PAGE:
PocketHealth raises $33M so patients can access and understand medical images

Steven Loeb · March 20, 2024 · Short URL: https://vator.tv/n/5835

The company helps patients understand what their reports say by explaining medical terms

Problems with accessing and sharing diagnostic imaging are nothing new, but even as healthcare has become more technologically advanced, medical images have still been left in a the dark ages, with many of them still being burned onto CDs.

PocketHealth is a company that was born out of the idea of making it easier for patients and care providers to share those images by making them patient-centric and network agnostic.

On Wednesday, the company announced it has raised $33 million USD ($45 million CAD) in a Series B funding round led by Round13 Capital with participation from Deloitte Ventures, Samsung Next, and existing investors Questa Capital and Radical Ventures. This is the first funding PocketHealth has raised since its $16 million round in 2022, and this brings its total funding to over $55.5 million USD ($75 million CAD) to date.

Founded in 2016 by brothers Harsh and Rishi Nayyar, the Toronto-based company gives patients and providers access to an image sharing platform that they can use to securely share medical imaging and diagnostic reports.

With PocketHealth, providers have a secure platform for exchanging diagnostic images with both patients and external providers; PocketHealth customers can instantly share images with anyone, across any network, they or set up a local network of PocketHealth Community Gateways for automated image exchange. 

After a patient gets an image done, the hospital gives them a URL to sign up for a PocketHealth account. PocketHealth is embedded in the hospital’s imaging workflow, so when a patient creates an account, their images are already waiting to be accessed. Patients can share the link to their images with their doctor, or anyone else, directly from their account. The PocketHealth link can be sent by email, or it can be faxed if the doctor doesn’t accept emails from patients. 

In the two years since its last funding round, the platform has evolved to not just show patients their imaging records, but help them understand them as well thanks to the Report Reader, which explains medical terms in the patient’s report, while PocketHealth's MyCare Navigator gives patients relevant, personalized questions to ask their doctor.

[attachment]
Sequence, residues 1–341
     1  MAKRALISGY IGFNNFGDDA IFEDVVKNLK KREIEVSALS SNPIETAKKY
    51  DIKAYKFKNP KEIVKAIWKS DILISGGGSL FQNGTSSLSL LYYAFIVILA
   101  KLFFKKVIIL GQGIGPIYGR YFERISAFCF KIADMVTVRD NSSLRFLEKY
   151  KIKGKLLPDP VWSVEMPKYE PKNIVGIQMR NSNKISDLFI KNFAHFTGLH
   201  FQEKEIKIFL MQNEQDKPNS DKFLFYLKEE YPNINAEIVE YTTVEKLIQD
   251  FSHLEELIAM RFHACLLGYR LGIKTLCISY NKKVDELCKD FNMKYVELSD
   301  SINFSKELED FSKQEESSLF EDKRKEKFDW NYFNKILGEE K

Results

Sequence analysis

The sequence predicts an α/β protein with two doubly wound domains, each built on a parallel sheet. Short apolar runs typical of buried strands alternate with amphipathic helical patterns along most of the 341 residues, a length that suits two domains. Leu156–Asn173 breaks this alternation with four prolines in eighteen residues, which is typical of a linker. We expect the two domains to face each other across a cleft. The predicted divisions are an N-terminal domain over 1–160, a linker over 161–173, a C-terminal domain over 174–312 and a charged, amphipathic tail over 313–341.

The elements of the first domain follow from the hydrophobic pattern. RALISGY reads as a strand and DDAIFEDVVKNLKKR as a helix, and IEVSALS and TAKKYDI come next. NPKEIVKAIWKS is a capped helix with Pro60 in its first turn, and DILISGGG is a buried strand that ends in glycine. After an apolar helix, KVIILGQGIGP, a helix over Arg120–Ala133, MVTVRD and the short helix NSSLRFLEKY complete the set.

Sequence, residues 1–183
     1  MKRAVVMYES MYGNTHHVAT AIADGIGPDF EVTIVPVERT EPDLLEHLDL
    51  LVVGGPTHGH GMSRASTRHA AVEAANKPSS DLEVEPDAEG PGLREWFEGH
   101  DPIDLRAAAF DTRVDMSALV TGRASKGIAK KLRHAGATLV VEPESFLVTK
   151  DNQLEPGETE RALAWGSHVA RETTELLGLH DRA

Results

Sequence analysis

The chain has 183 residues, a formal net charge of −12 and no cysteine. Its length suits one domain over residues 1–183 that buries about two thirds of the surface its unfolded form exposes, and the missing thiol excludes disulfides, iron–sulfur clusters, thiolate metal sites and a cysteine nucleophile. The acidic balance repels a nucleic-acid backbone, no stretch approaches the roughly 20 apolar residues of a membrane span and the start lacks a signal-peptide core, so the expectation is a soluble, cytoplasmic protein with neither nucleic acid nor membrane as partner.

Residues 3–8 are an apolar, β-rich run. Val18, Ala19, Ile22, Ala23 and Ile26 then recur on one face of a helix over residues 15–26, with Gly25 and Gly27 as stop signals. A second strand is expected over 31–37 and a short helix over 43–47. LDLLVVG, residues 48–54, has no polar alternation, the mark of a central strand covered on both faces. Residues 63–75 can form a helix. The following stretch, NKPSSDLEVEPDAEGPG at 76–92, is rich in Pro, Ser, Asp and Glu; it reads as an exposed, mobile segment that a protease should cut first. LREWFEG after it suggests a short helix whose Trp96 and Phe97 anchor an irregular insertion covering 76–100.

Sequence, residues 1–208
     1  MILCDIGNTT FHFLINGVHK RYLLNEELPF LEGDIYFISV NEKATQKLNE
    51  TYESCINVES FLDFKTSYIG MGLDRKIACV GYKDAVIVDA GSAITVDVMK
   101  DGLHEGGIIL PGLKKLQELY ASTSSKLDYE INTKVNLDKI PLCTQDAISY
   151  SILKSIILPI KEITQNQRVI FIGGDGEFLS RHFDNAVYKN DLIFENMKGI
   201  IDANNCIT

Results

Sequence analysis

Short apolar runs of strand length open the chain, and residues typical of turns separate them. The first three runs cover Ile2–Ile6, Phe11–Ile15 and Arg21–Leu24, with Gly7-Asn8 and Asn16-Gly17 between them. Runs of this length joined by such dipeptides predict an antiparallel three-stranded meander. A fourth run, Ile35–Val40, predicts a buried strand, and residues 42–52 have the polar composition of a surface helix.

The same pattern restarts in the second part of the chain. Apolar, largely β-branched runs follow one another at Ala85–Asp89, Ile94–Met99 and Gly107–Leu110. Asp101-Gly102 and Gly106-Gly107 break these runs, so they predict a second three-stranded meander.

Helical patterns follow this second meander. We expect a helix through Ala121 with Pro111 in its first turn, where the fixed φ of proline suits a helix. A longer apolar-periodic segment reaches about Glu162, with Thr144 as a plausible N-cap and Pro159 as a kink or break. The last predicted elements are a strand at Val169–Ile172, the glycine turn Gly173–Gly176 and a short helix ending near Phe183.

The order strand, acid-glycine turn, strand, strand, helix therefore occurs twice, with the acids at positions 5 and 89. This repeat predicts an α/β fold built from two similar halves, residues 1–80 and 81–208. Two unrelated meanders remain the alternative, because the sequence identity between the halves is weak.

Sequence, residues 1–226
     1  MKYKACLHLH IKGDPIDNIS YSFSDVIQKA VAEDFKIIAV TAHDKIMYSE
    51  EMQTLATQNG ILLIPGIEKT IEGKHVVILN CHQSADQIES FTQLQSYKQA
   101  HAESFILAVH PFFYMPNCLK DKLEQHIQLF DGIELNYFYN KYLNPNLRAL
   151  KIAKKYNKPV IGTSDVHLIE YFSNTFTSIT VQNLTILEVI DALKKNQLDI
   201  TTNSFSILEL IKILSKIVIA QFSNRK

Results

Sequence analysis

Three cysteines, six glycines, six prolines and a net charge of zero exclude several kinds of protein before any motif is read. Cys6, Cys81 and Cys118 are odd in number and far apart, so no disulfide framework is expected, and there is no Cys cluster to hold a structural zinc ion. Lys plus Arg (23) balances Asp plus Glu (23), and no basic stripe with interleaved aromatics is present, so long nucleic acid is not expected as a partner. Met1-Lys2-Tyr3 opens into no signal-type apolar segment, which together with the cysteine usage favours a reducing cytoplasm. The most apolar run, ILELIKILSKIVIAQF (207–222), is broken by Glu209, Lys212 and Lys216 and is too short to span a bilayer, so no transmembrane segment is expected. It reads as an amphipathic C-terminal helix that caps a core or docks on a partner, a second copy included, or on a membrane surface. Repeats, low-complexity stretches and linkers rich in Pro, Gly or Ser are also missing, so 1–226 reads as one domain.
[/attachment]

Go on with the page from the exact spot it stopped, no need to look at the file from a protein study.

"Now, when you read your report, we explain that report to you in patient friendly language on the platform. We highlight any follow-up recommendations. It autogenerates questions for you to ask your doctor and, depending on what region you're in, you even get access to AI models that can tell you, ‘Hey, we looked at your X-ray and it looks like you have low bone mineral density. You might be at risk of early osteoporosis, maybe go talk to your doctor'," Rishi Nayyar, CEO of PocketHealth, said in an interview. 

"There's really been this big evolution from just, ‘here's your records,’ to, ‘here’s your records, this is what it means and this is what you could do next,’ while always emphasizing, at the same time, the relationship the patient has with their doctor. We're not trying again to the middle of that, obviously."

To facilitate those explanation, PocketHealth works directly with radiologists to create definitions and translations beforehand, which are vetted by the radiologists and the medical community. That means when a patient sees a term like consolidative opacity, for example, they immediately understand that means there's fluid buildup in the lungs.

"That's a concept that has been worked on with a radiologist. We're not using a large language model there. We think that because it’s something that's going to a patient who's actively getting care, there needs to be an additional layer of human intervention before we're translating something for the patient," said Nayyar.